Father’s nearly fatal accident is subject of senior’s winning essay on prayer

By Sam Lucero | The Compass | April 25, 2018

Writing is a passion for Notre Dame Academy’s Hannah Dercks

GREEN BAY — The near death of her father five years ago led Hannah Dercks to a renewed prayer life. The Notre Dame Academy senior, chief editor of her high school’s literary magazine, “The Muse,” put her experience into words for a creative writing scholarship contest in December and the essay was recently awarded first place out of 207 entries.

Hannah Dercks holds a photo of herself and her father, Dennis Dercks. Hannah, a senior at Notre Dame Academy in Green Bay, wrote an essay about praying when her father fell from a porch and nearly died. Her essay took first place in the Prayer Soup Scholarship Competition. (Sam Lucero | The Compass)

Winning the Prayer Soup Scholarship Competition award of $1,500 will help Hannah, 17, pay for her expenses at UW-Madison, where she will major in English with an emphasis in creative writing.

Hannah’s calling as a writer was evident at an early age. She and her family (parents Dennis and Jennifer and brother Elijah, 19) are members of St. John the Baptist Parish in Seymour. As a third grader at St. John the Baptist School in Howard, she started The Good News, a school newspaper. With the help of her mother, Hannah oversaw the publication of three editions.

“It was like the school paper, but it was the third-grade class doing it,” said Hannah. “I was just getting into writing and talking to my mom about it. A couple of kids were like, ‘Yeah, a newspaper. That would be kind of cool.’

“Then my mom said, ‘Let’s do it. She would stay up at night formatting the paper and helping me write articles,” Hannah recalled. “We just did it that year, probably because of all the work involved. It was a really cool experience.”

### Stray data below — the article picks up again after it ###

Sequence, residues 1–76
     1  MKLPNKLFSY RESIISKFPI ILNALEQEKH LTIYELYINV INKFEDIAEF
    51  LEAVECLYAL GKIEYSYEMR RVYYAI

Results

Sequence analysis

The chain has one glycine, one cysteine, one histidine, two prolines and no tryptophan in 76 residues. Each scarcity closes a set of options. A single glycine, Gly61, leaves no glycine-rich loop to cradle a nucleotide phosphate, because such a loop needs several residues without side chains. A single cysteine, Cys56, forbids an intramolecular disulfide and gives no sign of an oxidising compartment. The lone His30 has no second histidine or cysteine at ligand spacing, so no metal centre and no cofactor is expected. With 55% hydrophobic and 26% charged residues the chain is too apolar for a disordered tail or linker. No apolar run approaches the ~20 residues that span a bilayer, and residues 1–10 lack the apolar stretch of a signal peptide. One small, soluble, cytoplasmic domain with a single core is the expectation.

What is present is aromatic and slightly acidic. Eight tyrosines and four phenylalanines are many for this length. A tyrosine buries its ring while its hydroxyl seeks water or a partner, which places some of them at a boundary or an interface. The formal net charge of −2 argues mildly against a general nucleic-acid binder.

With ink in her blood, there was no turning back from writing. She was on her high school’s newspaper staff for three years before focusing on the literary magazine this year. While researching scholarship opportunities last fall, Hannah learned about a creative writing scholarship contest on prayer through Prayer Soup, Inc. From its website, prayersoup.org, the organization promotes experiences with prayer.

“Our philosophy at Prayer Soup is that, too often, the word ‘prayer’ is used in the narrowest of ways,” Ann Carr, Prayer Soup president, told The Compass in an email. “We believe that prayer includes all the ways people seek to experience meaning and connection with others.”

Hannah decided to write about her father, who fell some 13 feet from the family’s porch in December of 2012. He had been doing extensive renovation to the family’s home in Seymour. “He fell off the porch and when his head hit, it cracked the cement,” said Hannah.

He was rushed to the hospital and in her essay, Hannah described his condition.